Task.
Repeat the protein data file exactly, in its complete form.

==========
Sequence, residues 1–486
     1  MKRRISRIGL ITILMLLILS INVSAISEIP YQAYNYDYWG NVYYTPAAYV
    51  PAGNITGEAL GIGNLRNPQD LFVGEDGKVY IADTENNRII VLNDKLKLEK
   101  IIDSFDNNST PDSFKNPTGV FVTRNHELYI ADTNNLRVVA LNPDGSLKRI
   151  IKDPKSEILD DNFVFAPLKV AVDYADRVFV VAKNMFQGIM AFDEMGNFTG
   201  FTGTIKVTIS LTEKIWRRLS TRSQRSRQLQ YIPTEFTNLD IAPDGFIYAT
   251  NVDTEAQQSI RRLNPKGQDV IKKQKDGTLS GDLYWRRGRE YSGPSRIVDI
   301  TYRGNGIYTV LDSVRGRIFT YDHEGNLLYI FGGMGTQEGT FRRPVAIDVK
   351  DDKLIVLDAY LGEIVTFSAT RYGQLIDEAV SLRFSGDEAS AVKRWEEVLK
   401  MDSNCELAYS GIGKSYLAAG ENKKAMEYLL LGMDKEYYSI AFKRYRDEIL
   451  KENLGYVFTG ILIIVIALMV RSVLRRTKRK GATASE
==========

Sequence, residues 1–486
     1  MKRRISRIGL ITILMLLILS INVSAISEIP YQAYNYDYWG NVYYTPAAYV
    51  PAGNITGEAL GIGNLRNPQD LFVGEDGKVY IADTENNRII VLNDKLKLEK
   101  IIDSFDNNST PDSFKNPTGV FVTRNHELYI ADTNNLRVVA LNPDGSLKRI
   151  IKDPKSEILD DNFVFAPLKV AVDYADRVFV VAKNMFQGIM AFDEMGNFTG
   201  FTGTIKVTIS LTEKIWRRLS TRSQRSRQLQ YIPTEFTNLD IAPDGFIYAT
   251  NVDTEAQQSI RRLNPKGQDV IKKQKDGTLS GDLYWRRGRE YSGPSRIVDI
   301  TYRGNGIYTV LDSVRGRIFT YDHEGNLLYI FGGMGTQEGT FRRPVAIDVK
   351  DDKLIVLDAY LGEIVTFSAT RYGQLIDEAV SLRFSGDEAS AVKRWEEVLK
   401  MDSNCELAYS GIGKSYLAAG ENKKAMEYLL LGMDKEYYSI AFKRYRDEIL
   451  KENLGYVFTG ILIIVIALMV RSVLRRTKRK GATASE